The discovery of ancient coins on an uninhabited Australian island could soon rewrite the history books.
Australian soldier Maurie Isenberg first came across the coins while stationed on one of the Wessel Islands during World War II. Having kept them for years in a tin for safe keeping, Maurie eventually got around to sending them to a museum to see if more could be learned of their origins. Incredibly, the coins turned out to be more than 1,000 years old, placing them centuries before Australia's discovery by Dutch explorers in 1606.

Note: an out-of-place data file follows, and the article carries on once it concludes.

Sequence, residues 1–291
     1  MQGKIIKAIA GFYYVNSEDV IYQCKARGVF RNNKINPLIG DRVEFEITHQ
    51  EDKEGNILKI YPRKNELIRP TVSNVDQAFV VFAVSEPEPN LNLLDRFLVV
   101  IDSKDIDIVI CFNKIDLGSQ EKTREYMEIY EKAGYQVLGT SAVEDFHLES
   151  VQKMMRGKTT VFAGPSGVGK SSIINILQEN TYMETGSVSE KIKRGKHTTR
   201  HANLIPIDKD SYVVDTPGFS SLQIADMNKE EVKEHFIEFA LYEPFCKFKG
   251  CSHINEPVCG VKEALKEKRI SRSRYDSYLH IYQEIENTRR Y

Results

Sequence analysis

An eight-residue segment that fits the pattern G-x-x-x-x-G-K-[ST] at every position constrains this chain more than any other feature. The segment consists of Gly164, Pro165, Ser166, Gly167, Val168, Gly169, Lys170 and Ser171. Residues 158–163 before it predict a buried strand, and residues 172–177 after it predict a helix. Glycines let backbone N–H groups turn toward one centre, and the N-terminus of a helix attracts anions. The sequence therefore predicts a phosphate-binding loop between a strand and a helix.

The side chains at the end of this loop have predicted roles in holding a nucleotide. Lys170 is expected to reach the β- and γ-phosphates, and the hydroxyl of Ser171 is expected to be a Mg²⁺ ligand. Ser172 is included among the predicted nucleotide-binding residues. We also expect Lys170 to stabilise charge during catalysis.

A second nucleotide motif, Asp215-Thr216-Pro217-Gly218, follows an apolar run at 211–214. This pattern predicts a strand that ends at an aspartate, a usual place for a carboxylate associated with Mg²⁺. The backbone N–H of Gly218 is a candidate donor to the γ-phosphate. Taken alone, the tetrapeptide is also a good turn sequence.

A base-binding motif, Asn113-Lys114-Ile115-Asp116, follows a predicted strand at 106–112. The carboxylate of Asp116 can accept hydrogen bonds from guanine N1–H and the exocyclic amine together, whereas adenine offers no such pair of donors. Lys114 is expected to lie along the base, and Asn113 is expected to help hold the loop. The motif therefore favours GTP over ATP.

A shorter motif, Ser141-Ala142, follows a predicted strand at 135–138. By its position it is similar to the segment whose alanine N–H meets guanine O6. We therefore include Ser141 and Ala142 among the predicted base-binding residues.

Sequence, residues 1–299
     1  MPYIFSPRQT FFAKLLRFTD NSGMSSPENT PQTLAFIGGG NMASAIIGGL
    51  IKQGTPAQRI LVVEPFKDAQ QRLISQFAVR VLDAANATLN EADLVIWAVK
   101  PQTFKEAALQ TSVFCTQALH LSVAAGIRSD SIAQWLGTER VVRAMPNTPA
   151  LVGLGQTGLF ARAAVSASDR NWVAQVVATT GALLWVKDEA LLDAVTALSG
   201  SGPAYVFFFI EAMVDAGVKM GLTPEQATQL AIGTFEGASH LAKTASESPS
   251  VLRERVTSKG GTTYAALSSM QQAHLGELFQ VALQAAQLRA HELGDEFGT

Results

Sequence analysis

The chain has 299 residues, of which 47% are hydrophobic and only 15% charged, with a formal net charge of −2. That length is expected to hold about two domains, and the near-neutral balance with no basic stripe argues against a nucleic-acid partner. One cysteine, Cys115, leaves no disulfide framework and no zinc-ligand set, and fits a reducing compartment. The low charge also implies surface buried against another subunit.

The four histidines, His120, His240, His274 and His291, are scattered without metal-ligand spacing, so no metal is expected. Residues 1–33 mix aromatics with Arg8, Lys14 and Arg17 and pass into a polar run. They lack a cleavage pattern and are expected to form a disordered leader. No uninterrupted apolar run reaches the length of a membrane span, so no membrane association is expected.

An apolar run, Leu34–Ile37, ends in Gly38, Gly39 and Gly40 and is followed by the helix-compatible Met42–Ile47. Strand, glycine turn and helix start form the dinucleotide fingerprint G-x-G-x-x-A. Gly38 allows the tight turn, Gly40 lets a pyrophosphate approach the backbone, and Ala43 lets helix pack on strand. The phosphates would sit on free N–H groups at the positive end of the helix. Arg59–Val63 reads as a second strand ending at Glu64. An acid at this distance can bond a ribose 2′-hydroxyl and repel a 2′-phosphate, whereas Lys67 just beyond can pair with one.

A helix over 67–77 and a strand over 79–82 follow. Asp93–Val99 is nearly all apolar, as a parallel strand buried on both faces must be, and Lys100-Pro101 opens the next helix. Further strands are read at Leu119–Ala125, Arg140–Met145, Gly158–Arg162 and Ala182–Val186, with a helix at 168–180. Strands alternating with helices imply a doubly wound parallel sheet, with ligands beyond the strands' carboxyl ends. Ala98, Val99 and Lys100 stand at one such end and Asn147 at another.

The finding of the coins was more or less forgotten until a few months ago when Australian scientist Ian McIntosh picked up the trail. Armed with five of the coins and a map left by Maurie showing where they had originally been found, McIntosh is planning an expedition to the island in an effort to locate more of them and to find any clues that might help to explain how they got there.
"The scientist wants to revisit the location where five coins were found in the Northern Territory in 1944 that have proven to be 1000 years old, opening up the possibility that seafarers from distant countries might have landed in Australia much earlier than what was currently believed."
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